One of the hardest skills to develop is the ability to be in the moment.
How often do you see people walking whilst on their phone? How many people do you know that scroll through social media whilst sitting next to someone they care about? How many times do you find yourself doing more then one thing at once?
Human beings – the masters of mindlessness. So often seen rushing from one thing to another, or trying to do several things at once.
But how about mastering the ability to be mindful??
Being truly mindful provides us with a greater sense of connection. In many ways it can feel as though you are truly waking up. Feeling alive even. Coming back from a place where you existed – but did not really feel. You functioned but you did not notice. A place where you found it hard to question or challenge your thought processes and often felt absorbed in negativity.
Mindfulness is something that we often hear about. But what does it truly mean?? How does it feel? And how do we go about learning to practice it??
Mindfulness is being aware of your thoughts, feelings, and environment in every moment – without passing any kind of judgement. This means hearing, experiencing, recognising – but not responding. As a result, any negativity can be let go of.
To develop our ability to be present in the moment, we need to learn how to focus on the here and now. This can be done by paying attention to our breathing and to our body. If we focus on our breath and slowing it down, then we are truly connecting to ourselves. This enables us to be still.
Mindful breathing mediation is something that all of us can incorporate into our everyday life. Whether we are walking, sat, or lying down. We can all take just a few moments to refocus. Eyes open or eyes closed – it does not matter. For some people it can be done through yoga, for others through focusing on an object such as a candle. The key is slowing the breath, calming the thought’s, and engaging with yourself. Right in the current moment.
In turn we can learn how to send away the thoughts that come into our heads and to focus entirely on being present in the moment. It is important to note that thoughts and feelings will always come up. Especially when we first try and practice being mindful. They key is to hear them, recognise them and feel them – without any judgement. And to then work towards letting them go. Sending them away – metaphorically perhaps seeing them float out to sea. They key is finding a method and visualisation that works for you.
We can’t avoid or suppress our thoughts and feelings – that will only lead to things like stress, depression, addiction, insomnia, illness etc. If however we learn to sit with them, to recognise them and to then let them go, we will in turn be healthier, happier, calmer and in a much more positive place.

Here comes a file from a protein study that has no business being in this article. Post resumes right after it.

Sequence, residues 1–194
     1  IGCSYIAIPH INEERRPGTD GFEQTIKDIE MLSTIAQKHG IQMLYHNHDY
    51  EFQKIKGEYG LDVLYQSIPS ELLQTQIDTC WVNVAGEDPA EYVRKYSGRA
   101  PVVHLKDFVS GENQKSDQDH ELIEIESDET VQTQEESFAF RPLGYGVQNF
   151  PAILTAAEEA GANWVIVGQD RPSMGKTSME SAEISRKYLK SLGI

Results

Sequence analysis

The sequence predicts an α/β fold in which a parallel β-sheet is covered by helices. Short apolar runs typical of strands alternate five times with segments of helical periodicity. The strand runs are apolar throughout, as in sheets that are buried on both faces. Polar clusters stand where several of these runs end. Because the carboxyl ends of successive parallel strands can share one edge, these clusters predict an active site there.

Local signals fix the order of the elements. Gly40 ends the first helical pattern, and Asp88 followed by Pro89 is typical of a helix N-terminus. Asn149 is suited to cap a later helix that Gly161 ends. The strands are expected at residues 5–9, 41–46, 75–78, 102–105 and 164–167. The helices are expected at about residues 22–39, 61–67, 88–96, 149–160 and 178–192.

The art of being in the moment. It may sound more complex than it is. What it really means is removing distractions such as the phone, music, television etc. It means stopping in the day and being still. It means taking some time (no matter how small) to focus on being silent, to focus on breathing, and to focus on yourself. It means being able to totally be. Can you picture that?
It is not easy to do at first – it takes time and patience. It requires trust in the process and the ability to work towards letting things go. It means putting effort into accepting things as they are. Moving away from trying to change things and moving towards a compassionate experience of the present moment. Being truly mindful means to move towards a place of observation and away from a place of analysis, judgement, and an attempt to change things. If we can master this – then we can enjoy things so much more. We can become more connected, more present, and more engaged. As a result, our relationships will be more positive, we will be healthier and happier, our creativity and productivity will flourish, and we will suffer less from anxiety and depression.
What would it be like to go for a mindful walk? A slow pace where you truly take in all your surroundings? Where you are not rushing and not thinking about what you are doing next. On that walk could you imagine hearing the birds sing, truly looking at the leaves, taking in the view etc. How calm would you feel if you could do that? How would your breathing be? How still would your mind be?
What would it be like to eat mindfully? To slow down and enjoy the food you are having. To appreciate the taste, the smell etc. To be thankful for what you are having and aware of how you are nurturing your body.
There are many more examples of when you could be more mindful. Just think – how would it be if you were working more mindfully, parenting more mindfully, socially being mindful. Imagine how focused you would be with someone if you were totally 110% with them. You might hear or notice things that you had never noticed before.
Ultimately being mindful is about clearing your mind of all distractions and fully being present. By doing this you will be so much more appreciative and grateful of what and who you have around you. Instead of focusing on the past or worrying about the future, you will be able to embrace the present. And instead of getting absorbed in negativity you will be able to radiate positivity. This will have such an impact on your life. After all the energy we put out directly relates to the energy we get back.